Wednesday, March 8, 2017


Today is International Women's Day, and this is an article I wrote for the March issue of our community magazine. I know that some of my readers live in Sun City Carolina Lakes, and may have already read this piece. It may be worth reading again, especially the bit where some men once considered us to be no more than defective, soulless beasts. That just frosts my soul. I really do think that the religiously celibate men who came up with this piece of doctrine were "depraved on acounta the were deprived." What were they thinking?!

March is Women’s History Month - and a fine history we do have. In years past though, we have had to put up with too many stereotypes. In the seventh century, the Council of Nantes argued that women were “soulless beasts”, defectives (defectives? Now, I ask you!) who could be treated as such by men, their natural masters.” Whew!
Over the centuries there have been rare, prominent women whose achievements - scientific, artistic, patriotic, or oven notorious -  have given them a permanent place in history. (Who hasn’t heard of Lucrezia Borgia?) It is only in the last century or so that women have started to reassert themselves beyond the realm of farm, hearth and home, and to shed some of the sentimentality and stereotypes assigned to ‘the soft sex’, ‘the weaker sex’.  
We women are no longer solely the sole keepers of hearth and home, not good enough to vote, much less run for office, and not capable of anything above simple home mathematics, much less rocket science. You name it, we could always do it. Only now, when we want to go beyond our female-specific and stereotypic pursuits, are we allowed the opportunity.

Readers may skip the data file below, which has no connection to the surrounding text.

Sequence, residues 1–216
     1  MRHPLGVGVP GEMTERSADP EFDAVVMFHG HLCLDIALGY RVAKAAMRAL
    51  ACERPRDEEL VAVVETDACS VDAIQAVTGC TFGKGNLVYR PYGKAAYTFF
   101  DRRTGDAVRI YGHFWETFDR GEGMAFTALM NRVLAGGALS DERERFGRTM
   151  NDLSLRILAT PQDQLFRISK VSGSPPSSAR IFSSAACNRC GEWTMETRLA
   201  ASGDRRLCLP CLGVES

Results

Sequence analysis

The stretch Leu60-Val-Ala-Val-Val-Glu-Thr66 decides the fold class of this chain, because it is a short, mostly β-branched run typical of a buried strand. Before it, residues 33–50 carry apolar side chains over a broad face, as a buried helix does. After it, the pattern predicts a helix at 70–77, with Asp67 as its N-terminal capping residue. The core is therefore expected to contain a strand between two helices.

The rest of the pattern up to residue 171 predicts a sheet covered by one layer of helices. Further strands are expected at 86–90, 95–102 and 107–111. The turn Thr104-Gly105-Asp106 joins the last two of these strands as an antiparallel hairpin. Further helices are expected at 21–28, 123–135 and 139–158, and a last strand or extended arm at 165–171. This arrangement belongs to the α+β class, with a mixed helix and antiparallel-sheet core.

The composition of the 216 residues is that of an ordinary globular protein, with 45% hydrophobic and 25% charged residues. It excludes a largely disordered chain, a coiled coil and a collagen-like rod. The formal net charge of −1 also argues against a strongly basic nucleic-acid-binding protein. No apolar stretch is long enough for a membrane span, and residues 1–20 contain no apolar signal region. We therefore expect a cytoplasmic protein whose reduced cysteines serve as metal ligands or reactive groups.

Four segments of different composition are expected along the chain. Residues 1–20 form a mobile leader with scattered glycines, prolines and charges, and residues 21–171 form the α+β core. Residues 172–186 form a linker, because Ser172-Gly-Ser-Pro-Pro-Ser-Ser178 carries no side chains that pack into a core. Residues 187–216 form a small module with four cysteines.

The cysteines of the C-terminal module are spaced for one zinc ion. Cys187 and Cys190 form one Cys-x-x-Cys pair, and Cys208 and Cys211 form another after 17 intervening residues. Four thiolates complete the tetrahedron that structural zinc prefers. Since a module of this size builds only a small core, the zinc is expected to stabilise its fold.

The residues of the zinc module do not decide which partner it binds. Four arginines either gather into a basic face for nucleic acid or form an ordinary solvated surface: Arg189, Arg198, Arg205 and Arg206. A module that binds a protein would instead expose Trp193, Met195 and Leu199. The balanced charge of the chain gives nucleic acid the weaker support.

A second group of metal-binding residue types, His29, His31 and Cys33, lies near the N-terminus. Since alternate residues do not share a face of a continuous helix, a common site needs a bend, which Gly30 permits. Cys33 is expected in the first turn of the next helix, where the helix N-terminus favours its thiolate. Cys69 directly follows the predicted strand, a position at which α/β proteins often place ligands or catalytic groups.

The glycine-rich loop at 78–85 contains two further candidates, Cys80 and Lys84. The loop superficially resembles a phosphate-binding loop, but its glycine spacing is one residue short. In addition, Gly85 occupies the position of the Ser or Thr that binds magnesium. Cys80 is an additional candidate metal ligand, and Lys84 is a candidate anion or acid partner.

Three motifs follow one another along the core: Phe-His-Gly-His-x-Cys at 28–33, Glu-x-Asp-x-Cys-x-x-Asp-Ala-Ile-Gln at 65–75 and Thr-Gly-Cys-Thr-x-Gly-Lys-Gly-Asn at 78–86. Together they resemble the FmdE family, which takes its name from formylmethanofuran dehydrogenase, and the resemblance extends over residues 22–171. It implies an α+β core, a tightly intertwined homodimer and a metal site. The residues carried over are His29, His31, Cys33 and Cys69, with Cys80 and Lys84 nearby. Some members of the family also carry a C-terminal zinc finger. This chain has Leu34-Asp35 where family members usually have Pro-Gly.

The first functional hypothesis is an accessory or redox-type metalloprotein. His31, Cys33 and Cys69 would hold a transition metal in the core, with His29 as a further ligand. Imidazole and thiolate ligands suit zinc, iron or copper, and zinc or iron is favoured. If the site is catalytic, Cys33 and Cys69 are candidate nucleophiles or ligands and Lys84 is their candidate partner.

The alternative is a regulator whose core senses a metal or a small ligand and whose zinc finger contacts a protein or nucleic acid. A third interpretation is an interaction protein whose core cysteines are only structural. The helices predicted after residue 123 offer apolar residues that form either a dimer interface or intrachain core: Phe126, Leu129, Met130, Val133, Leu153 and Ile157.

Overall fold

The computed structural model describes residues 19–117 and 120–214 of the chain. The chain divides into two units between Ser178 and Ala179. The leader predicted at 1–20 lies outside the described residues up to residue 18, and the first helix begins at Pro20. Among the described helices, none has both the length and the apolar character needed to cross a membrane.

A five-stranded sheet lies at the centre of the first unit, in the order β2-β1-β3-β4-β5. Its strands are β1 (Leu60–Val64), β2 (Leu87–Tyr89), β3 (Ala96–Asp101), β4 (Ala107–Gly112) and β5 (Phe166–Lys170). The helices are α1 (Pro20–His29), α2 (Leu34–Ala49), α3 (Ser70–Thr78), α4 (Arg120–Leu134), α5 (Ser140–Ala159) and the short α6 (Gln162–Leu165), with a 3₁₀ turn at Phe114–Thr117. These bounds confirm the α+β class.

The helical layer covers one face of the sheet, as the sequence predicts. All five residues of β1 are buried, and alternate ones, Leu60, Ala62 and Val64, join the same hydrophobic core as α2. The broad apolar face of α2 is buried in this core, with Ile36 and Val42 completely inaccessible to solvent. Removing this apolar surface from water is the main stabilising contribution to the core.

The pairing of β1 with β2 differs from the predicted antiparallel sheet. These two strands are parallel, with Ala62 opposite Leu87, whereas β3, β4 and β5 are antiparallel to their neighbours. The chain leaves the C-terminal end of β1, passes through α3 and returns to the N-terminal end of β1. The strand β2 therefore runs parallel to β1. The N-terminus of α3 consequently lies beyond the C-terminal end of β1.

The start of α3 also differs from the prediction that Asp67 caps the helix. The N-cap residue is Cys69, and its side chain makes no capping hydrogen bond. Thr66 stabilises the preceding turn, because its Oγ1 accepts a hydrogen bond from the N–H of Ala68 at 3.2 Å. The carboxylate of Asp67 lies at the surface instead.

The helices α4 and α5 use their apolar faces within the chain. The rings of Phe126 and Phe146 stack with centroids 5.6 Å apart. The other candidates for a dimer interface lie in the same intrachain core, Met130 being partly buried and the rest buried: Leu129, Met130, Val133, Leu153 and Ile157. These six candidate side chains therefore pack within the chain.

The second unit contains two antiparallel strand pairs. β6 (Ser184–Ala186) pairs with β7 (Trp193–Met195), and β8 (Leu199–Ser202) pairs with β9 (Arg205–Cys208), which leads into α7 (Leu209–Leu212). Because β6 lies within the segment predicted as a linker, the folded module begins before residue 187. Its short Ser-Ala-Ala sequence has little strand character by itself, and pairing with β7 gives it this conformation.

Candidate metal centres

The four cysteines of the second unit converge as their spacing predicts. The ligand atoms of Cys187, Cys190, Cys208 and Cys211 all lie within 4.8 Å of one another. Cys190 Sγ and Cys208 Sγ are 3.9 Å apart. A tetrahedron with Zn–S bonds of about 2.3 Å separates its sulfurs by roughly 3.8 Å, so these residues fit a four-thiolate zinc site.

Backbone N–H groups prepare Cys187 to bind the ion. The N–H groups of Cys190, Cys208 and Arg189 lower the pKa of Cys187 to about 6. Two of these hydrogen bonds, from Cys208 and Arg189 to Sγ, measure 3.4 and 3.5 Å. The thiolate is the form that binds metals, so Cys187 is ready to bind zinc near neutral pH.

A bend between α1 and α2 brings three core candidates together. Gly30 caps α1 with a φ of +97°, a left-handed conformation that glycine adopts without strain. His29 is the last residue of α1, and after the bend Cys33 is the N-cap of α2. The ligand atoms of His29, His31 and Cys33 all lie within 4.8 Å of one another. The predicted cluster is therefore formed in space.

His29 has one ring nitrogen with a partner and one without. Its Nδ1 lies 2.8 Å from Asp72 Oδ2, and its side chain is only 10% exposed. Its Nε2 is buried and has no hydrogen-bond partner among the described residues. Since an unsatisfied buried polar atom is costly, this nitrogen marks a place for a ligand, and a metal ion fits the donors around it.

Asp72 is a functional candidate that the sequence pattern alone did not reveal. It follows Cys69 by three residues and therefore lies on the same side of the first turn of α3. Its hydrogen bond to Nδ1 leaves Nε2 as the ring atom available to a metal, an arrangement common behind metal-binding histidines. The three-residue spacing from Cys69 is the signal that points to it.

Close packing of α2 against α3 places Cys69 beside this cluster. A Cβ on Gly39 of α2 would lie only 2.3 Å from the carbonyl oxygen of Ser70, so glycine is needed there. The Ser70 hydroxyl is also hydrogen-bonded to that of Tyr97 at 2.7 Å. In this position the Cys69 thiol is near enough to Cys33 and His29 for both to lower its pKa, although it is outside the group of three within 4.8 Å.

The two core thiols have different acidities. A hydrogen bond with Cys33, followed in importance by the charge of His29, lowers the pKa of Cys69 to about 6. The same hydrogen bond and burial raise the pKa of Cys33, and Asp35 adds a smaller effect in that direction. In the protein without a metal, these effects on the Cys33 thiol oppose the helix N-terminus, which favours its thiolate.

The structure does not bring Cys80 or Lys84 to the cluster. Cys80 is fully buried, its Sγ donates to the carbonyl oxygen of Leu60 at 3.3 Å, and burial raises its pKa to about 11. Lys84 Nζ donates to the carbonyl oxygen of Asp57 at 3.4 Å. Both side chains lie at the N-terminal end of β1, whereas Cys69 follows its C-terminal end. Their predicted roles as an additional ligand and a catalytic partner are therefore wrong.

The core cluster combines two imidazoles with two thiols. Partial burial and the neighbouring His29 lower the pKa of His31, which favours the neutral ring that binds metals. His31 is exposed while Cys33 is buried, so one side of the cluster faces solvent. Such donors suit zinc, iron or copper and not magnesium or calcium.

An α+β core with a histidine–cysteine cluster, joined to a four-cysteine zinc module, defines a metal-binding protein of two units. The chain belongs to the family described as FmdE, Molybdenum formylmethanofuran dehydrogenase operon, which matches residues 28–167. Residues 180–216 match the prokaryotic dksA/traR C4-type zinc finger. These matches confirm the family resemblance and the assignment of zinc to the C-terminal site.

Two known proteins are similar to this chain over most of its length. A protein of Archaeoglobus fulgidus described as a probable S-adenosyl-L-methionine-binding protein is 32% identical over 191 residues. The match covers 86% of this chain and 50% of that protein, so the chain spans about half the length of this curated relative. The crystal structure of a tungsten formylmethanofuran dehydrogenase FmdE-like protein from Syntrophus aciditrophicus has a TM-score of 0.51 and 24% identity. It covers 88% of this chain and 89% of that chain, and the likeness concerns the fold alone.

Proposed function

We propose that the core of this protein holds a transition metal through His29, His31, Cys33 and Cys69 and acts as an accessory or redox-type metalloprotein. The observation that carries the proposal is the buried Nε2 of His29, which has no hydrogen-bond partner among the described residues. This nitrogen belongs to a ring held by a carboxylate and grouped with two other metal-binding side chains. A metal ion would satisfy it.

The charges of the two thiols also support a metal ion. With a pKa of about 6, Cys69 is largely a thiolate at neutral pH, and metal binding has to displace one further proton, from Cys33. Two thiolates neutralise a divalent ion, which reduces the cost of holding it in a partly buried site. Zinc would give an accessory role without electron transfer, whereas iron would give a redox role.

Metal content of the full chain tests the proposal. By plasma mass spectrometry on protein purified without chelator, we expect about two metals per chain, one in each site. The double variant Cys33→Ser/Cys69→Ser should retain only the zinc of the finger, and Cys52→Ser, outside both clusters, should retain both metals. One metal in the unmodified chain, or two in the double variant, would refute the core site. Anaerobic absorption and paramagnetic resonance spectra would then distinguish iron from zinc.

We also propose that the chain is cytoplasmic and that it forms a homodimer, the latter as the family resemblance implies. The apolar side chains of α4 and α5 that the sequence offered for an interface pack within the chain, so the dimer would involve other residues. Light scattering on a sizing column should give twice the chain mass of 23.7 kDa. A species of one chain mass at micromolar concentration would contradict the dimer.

Gone are the days when a woman was told “bring in your husband” before she could transact bank business or buy a car; never mind buying a home or starting a business of her own. Gone are the days when hospital whites were worn by nurses and doctors went around with stethoscopes around their necks. Even better, gone are the days when a gal in scrubs is assumed to be a nurse, or a man in scrubs a doctor. The world can no longer ass-u-me. Now are the days when all stereotypes, all assumptions must be banished.
Lady cops, woman judges, female executives, or woman soldiers should be labels no longer: they’re just cops, judges, executives, or soldiers doing a pre-defined job. (Truthfully though, we still don’t understand why a gal would want to be a wrestler.) There are no more ‘old maid school teachers’, much less ‘old maids’, unless you’re playing that card game. The spinsters, battle axes, and buxom broads, and the little woman, the missus, my old lady, and all the other stereotyped gals have left the building.

But there are still thorns on the rose. An old cigarette ad, aimed at the newly ‘liberated women’ of the late 60’s, used the slogan “You’ve come a long way baby,” yet, as Helen Reddy sang: “I’m still an embryo with a long, long way to go.” We senior women have it fairly easy of late, but younger women, especially those in the work force, still have to put up with stereotypes, sexist labels, and discrimination. Lisa Abeyta, writing in The Huffington Post, has said:
“Until there is more gender balance among leading roles in entertainment, government and corporate leadership, our sons and daughters will continue to believe the stereotypes perpetuated in the news, media, and their everyday lives.”  

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